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A skilled chuckwagon driver is taking part in a University of Calgary study aimed at improving safety for outsiders and horses – Calgary

Mark Sutherland has been driving chuck wagons for over 25 years.

The most important thing for him is the safety of his underdogs and his horses. So he took part in a new study at the University of Calgary.

“[The study’s] I’ll tell us how well the horse is running, “said Sutherland on Thursday,” how good he will be, how good his level is. “

READ MORE: Horse euthanized after Calgary Stampede Chuckwagon Race

Researchers want to find out whether a device that is used in hospitals to test the blood of critically ill people can also measure the physical fitness of animals.

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The handheld analyzer will be tested on horses competing in this year’s Rangeland Derby at the Calgary Stampede. Renaud Léguillette, Chair of Equestrian Medicine at the University of Calgary, is leading the study.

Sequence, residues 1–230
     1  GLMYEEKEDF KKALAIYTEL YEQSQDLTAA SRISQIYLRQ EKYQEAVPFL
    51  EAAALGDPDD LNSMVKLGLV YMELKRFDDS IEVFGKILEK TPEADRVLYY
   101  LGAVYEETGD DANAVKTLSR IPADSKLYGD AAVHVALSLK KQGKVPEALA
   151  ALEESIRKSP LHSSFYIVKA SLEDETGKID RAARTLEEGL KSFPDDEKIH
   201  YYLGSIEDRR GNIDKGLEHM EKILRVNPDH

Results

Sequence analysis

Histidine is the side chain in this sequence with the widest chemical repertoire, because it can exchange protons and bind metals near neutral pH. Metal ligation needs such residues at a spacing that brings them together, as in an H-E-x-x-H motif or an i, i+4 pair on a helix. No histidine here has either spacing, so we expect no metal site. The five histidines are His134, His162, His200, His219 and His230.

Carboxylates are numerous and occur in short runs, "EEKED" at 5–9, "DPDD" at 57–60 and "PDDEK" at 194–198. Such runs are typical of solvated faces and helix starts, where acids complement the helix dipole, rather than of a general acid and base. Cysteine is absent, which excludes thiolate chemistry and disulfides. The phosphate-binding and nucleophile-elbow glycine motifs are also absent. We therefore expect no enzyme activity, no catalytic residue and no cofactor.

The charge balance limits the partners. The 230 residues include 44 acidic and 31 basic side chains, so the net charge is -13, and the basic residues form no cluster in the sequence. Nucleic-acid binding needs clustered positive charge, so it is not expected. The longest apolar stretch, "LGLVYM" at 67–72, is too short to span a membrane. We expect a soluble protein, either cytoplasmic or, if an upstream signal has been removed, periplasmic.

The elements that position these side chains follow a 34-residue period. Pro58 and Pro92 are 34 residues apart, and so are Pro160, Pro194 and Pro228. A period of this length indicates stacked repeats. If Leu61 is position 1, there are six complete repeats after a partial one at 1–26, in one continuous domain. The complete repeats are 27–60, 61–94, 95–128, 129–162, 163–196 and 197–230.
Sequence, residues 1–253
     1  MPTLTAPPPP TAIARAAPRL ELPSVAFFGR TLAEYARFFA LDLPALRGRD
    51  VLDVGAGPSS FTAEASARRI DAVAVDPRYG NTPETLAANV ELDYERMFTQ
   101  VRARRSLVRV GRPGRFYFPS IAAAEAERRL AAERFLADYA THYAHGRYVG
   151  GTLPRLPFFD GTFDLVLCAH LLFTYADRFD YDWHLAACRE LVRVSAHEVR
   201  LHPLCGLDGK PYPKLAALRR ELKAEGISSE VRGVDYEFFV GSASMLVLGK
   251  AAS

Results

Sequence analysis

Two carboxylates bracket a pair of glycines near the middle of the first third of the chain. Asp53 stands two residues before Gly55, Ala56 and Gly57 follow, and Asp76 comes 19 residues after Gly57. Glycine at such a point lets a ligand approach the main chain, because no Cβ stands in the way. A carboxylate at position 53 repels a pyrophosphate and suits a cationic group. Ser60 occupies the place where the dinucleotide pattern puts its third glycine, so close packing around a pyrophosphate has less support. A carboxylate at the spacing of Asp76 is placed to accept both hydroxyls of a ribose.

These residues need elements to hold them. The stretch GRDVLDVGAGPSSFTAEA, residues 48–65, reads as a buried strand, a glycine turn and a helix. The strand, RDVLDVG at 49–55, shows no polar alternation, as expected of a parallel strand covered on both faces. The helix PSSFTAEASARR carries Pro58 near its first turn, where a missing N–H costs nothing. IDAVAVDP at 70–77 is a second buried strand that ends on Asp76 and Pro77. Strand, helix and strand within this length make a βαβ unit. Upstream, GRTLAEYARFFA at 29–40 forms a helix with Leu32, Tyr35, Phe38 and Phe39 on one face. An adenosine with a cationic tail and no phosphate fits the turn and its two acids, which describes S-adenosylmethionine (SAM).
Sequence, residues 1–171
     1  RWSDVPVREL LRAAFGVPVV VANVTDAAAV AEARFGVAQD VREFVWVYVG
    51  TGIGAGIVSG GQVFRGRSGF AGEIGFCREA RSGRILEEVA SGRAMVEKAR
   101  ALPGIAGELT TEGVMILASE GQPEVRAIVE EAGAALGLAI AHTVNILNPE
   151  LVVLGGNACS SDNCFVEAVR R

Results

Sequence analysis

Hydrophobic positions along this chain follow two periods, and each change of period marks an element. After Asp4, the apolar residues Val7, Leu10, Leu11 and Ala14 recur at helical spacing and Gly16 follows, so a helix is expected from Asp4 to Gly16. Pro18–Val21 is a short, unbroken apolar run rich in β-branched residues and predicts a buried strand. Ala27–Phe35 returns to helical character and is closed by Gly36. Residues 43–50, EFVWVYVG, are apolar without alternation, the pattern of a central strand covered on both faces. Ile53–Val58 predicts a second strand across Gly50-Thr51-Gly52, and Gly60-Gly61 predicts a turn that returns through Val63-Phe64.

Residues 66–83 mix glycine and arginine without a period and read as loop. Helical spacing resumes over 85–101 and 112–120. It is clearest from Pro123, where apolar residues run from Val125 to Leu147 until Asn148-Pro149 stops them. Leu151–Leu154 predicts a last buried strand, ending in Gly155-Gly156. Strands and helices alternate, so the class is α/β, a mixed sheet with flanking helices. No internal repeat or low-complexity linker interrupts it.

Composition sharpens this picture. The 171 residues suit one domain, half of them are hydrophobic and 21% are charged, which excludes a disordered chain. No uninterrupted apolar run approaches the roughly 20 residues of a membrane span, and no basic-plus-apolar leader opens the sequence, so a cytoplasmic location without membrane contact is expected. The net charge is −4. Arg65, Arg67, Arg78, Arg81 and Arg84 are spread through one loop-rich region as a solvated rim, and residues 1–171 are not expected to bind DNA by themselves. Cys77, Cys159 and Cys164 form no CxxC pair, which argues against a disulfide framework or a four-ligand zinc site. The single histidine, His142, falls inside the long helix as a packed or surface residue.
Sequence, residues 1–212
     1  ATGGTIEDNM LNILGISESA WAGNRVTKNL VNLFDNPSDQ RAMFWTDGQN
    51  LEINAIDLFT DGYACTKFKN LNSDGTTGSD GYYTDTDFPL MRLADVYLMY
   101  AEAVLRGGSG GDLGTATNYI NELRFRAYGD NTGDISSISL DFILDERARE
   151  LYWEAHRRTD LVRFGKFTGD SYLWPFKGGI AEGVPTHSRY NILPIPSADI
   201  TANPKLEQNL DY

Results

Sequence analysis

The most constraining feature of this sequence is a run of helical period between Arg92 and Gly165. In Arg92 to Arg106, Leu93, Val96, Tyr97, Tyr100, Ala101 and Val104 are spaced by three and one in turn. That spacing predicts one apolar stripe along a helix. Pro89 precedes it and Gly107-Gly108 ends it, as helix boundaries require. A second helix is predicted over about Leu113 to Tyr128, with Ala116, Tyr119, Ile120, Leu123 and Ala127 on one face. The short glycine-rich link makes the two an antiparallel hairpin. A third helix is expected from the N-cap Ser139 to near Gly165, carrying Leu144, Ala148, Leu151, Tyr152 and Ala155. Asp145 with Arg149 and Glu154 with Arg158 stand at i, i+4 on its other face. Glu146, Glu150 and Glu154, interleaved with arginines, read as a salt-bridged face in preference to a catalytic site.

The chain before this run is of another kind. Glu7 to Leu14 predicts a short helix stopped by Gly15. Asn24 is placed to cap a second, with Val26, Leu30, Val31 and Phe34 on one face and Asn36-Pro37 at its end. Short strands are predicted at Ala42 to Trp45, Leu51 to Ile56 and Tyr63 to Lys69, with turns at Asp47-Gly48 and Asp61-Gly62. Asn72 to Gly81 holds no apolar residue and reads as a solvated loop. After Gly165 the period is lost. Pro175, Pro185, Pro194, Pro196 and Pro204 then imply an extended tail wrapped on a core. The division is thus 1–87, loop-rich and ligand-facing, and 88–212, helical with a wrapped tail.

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“[It’s a] simple test: you take a blood sample and place it on the strip [and it] takes three or four minutes. [Then]You have your results immediately, ”said Léguillette. “You get the results on the stable side, that’s the advantage of that.”

Sutherland hopes the study will eventually lead to a device that will give him the information he needs before the races.

“With my experience with Dr. Leguillette and U of C Medicine, it will work,” Sutherland said.

The idea is to monitor the horses before they come out on the track to see which are the strongest and the least likely to get tired and injured.

“If the Calgary Flames had known Jaromir Jagr was where he was, they wouldn’t have signed him,” Sutherland said. “I’m not saying it will be a miracle that I can say these horses will be my stars, but it will help. “

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The researchers hope to publish the results this winter and have the device available for the Stampede next year.

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